Topic Overview and Basic Terminology
Gender identity is one’s innermost concept of self as male, female, a blend of both or neither. For transgender people, their gender identity does not match the sex they were assigned at birth. Non-binary people identify their gender to be outside of the two most common categories of male and female – maybe both, neither, or fluidly changing.
Many people form their concept of personal gender identity early in life. Transgender adults often remember noticing as children a difference between how their bodies looked and how they felt on the inside. Other transgender individuals make this discovery later in life as teens or adults.
Gender expression is the external appearance of one’s gender identity, usually expressed through behavior, clothing, haircut or voice, which may or may not conform to socially defined behaviors and characteristics typically associated with being either masculine or feminine.
Some people feel that their bodies do not match their gender identity or expression and choose to seek medical treatment. Treatment options range from hormones to gender affirming surgery. Not all transgender or gender diverse individuals choose to seek medical intervention. Social transition refers to non-medical interventions such as using chosen name and pronouns or changing hair and clothing styles. Social transition is often the first step for many transgender individuals, especially children and adolescents.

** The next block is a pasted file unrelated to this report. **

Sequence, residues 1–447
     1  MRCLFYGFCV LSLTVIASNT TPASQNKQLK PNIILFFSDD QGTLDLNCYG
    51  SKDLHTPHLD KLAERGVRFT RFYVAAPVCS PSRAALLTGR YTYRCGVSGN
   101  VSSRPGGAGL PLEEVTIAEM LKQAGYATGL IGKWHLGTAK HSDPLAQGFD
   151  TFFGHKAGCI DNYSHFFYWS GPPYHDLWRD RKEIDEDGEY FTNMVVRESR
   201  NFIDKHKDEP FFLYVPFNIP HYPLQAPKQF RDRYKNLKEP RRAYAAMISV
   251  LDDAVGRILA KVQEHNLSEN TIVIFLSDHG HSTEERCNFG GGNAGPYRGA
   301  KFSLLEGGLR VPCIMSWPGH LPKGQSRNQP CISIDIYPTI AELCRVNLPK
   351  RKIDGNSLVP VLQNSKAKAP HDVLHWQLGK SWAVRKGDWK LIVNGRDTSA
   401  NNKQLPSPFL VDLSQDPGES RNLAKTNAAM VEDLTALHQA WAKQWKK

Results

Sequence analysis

Sexual orientation is different than gender identity and expression. Sexual orientation is an inherent or immutable enduring emotional, romantic, or sexual attraction to other people. Being transgender does not imply any specific sexual orientation. Therefore, transgender people may identify as straight, gay, lesbian, bisexual, etc.
Health and Support
Transgender individuals can have distinctive health issues and health needs. Rejection, prejudice, fear, and confusion cause long-term stress in many transgender people. Constant stress can impact overall health and well-being, and studies show that transgender individuals are at an increased risk of suicidal ideation, depression, anxiety, and substance use. Take any feelings of stress, sadness, or depression seriously, and talk to your doctor or a mental health specialist.
Whatever your gender identity, it’s important to remember you are not alone. There are lots of other people like you, many of whom share the same emotions and questions that you have. It can be comforting and helpful to talk to people who know what you are going through. You can find links to local and online supports below:
Resources and Supports in Maine:
Maine Trans Net https://www.mainetransnet.org/
Health Equity Alliance https://www.mainehealthequity.org/
Equality Maine https://equalitymaine.org/
Other Resources and Supports:
Human Rights Campaign Transgender Resources www.hrc.org/resources/topic/transgender
GLAAD Transgender Resource Guide www.glaad.org/transgender/resources
GLAAD Transgender Glossary of Terms www.glaad.org/reference/transgender
Transgender Visibility Guide www.hrc.org/resources/transgender-visibility-guide
National Center for Transgender Equality www.transequality.org